A list (thus far)...
Mok started: March 1968. editor: Robert Tillett, Richard Tipping. location: Adelaide. issues: No. 1 (Mar. 1968)-no. 5 (Spring 1969)
Crosscurrents started: May 1968. editor: Michael Dugan. location: Melbourne. issues: Vol 1.1 no.1 – 1.1 no. 4, vol. 2.1 – 2.2 October 1969
Our Glass started: May 1968. editor: Kris Hemensley. location: Melbourne. issues: seven issues
Transit started: September 1968. editor: John Tranter. location: Sydney. issues: two issues
Cat started: July 1969. editor: Andrew Jach. Location: Beaconsfield Vic. Issues: one issue
Mindscape started August 1969. editor: Norman Thompson. location: South Oakleigh Vic. issues: one issue
Flagstones started: August 1969. editor: Ian Robertson. location: Heidelberg Vic. issues: five issues
The Great Auk started: September 1969. editor: Charles Buckmaster. location: Parkville/ Gruyere. issues: twelve issues. Holocaust 2 is also The Great Auk 7.
Free Poetry started: October 1969. editor: Nigel Roberts, Terry Gillmore, John Goodall. location: Sydney. issues: eight issues
Free Grass started: October 1969. editor: anonymous (John Tranter) location: Sydney. issues: one issue
Poem started: 1969 editor: Ross Thompson, John Tozer, location: Hawthorn, Boronia. issues: two, issue one no date. issue two November 1969.
Aardvark started: 1970. editor: John Jenkins. location: Box Hill South Vic. issues: one issue
Manic magazine started: March 1970. editor: R.J Deeble. location: Richmond Vic. issues: one issue
Earthship started: October 1970. editor: Kris Hemensley location: Southampton, Hamshire. issues: No. 1 (Oct. 1970)-no. 13 (Oct. 1972) Second series, called The Ear in a wheatfield, began in 1973
Contempa started: 1972. editors: Phillip Edmonds, Robert Kenny. location: Armadale Vic. issues: 1-10, Series 2, no.1-6
Leatherjacket started: February 1972. editor: (issues 3) Cheryl Adamson and tom thompson. location: Sydney. issues: four issues
The Ear in the Wheatfield started: May 1973. editor: Kris Hemensley. location: Hawthorn Vic. issues: 1(May 1973)-19 (Dec. 1976) No. 20 published in "Rigmarole of the hours" series issue entitled "3 blind mice".
Also Your Freindly Fascist, Timestream, Mere Anarchy, Ploughman's Lunch (just Ploughman after second issue), Fitzrot, Fields, Dark Areas, Makar, Dharma, Etymspheres... I am still researching them.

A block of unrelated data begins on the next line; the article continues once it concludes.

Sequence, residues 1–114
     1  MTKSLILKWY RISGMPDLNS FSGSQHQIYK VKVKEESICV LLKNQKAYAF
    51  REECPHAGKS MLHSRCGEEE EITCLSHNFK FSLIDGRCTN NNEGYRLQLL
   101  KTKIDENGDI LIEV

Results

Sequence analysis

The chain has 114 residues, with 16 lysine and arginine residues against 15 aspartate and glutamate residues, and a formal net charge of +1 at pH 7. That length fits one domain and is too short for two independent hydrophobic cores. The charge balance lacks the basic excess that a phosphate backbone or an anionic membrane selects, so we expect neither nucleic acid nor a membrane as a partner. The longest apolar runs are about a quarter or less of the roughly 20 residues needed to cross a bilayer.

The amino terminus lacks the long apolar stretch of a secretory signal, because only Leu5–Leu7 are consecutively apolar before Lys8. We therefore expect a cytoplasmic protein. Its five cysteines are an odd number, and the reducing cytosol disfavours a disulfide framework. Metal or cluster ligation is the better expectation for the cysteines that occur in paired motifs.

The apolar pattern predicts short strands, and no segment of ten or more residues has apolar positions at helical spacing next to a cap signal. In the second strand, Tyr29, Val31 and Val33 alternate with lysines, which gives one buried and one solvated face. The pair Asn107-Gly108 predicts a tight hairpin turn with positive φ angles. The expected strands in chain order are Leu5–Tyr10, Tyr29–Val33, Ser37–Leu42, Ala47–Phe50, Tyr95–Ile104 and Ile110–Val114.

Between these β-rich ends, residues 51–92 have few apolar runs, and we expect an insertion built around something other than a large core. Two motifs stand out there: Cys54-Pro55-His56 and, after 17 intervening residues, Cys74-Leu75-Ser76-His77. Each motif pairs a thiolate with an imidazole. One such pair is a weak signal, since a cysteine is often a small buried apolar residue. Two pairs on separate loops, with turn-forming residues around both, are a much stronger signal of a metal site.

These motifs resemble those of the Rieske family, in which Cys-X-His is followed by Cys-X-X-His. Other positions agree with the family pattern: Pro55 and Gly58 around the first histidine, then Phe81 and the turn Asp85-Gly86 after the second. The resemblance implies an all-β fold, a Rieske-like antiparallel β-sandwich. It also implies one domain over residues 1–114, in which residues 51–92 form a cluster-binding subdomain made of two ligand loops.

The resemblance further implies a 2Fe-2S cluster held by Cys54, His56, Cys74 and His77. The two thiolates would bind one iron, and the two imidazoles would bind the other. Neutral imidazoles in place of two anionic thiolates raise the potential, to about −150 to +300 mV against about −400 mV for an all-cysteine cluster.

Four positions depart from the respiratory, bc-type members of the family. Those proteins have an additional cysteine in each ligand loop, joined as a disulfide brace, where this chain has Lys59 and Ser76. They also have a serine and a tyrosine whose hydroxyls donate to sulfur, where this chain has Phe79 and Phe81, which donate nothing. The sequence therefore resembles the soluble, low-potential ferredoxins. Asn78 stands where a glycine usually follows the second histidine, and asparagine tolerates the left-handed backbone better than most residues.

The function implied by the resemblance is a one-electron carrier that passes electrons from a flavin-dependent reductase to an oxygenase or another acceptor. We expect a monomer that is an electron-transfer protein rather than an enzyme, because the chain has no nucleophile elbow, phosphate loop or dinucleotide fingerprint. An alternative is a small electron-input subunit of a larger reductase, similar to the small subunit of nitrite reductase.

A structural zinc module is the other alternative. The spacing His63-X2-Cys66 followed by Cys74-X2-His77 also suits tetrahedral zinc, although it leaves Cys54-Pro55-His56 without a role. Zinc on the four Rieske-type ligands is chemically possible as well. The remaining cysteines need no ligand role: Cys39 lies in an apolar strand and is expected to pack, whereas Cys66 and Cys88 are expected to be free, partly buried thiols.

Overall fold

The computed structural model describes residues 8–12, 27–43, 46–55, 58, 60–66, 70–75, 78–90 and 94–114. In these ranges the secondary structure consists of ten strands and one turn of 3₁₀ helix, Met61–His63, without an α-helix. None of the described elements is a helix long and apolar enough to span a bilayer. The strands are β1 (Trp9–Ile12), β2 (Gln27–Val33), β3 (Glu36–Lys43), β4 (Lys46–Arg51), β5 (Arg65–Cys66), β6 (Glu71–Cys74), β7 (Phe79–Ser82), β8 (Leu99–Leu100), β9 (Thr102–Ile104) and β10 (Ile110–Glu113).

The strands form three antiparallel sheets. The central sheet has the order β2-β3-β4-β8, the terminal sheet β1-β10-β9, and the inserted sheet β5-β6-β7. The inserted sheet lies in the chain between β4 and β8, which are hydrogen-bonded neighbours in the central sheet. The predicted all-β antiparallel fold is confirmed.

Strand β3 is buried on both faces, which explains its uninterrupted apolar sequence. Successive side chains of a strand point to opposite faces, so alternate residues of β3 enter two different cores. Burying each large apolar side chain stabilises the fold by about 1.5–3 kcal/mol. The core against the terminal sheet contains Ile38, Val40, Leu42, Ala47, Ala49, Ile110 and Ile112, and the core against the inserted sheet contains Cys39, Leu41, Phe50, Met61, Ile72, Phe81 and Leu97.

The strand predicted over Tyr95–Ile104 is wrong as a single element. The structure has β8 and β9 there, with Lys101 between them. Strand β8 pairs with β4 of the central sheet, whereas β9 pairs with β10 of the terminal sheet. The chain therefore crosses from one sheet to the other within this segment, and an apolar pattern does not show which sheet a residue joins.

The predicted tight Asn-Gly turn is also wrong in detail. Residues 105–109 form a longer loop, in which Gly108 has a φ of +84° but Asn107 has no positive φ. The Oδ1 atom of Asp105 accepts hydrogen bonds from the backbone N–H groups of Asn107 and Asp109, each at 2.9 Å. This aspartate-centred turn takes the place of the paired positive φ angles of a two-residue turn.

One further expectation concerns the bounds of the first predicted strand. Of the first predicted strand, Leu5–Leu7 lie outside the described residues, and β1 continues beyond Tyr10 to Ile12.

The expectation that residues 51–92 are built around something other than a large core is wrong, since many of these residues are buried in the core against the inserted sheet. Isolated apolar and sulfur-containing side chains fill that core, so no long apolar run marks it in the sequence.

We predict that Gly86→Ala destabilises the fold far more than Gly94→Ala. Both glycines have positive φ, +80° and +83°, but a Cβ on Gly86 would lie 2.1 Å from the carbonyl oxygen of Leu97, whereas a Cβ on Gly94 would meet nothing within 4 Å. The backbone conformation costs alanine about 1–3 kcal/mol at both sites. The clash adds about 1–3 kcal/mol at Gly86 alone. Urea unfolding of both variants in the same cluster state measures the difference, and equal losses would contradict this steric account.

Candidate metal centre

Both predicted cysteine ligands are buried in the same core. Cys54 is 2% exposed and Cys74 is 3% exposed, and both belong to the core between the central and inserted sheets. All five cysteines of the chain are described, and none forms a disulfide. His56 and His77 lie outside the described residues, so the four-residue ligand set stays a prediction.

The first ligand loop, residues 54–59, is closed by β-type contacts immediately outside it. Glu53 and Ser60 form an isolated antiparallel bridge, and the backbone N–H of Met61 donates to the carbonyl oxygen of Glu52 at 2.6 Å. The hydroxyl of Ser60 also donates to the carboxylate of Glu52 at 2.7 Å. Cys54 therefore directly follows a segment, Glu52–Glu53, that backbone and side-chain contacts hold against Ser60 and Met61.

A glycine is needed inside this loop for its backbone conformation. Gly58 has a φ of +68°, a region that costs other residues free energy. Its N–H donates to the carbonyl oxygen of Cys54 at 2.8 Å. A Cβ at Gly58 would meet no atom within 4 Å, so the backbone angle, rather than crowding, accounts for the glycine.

The "mini-mags" or underground poetry magazines of the late 1960s and early 1970s offered a space for poetry which was outside established poetry magazines and journals. These early magazines were often gestetnered off by hand and sold cheaply (30 to 45 cents). Many survived for only one issue, but new ones seem to have been surfacing regularly, and others like Contempa ran for six years before financial strain caused it to cease. New printing technology gave this generation of poets the opportunity to bypass the "gatekeepers" of poetry in Australia by making their own publications. Even though many of these poets were being published in newspapers and mainstream magazines, the mini-mags offered a creative freedom that doesn't seem to available elsewhere at that time.
For me one of the most startling early handmade poetry magazines is The Great Auk by Charles Buckmaster. When he printed volume one in September 1968 he was seventeen years old and publishing La Mama poets like Michael Dugan, Bill Beard and Kris Hemensley. By the third issue in 1968 the cover carries Buckmaster's urging "TO ALL SECONDARY SCHOOL STUDENTS.. GET OFF YR ARSE & DO SOMETHING!!!... start YR OWN undergrounds.." and included work by Ken Taylor and John Jenkins, as well as Hemensley, Dugan, Ian Robertson and Andrew Jach. The Great Auk becomes a who's who of the underground poetry publishing scene until mid 1970.
For more information on Australian poetry magazines from this time there is a great early article on poetry magazines by Dennis Douglas in Overland no.41 Winter 1969 (p 46-7) titled "Mini-Mags and the Poetry Explosion" and what amounts to a follow up article (in many ways) by Phillip Edmonds in Contempa Series 2/1 1975 (n.p) called "'Little Magazines' (1971- 75)".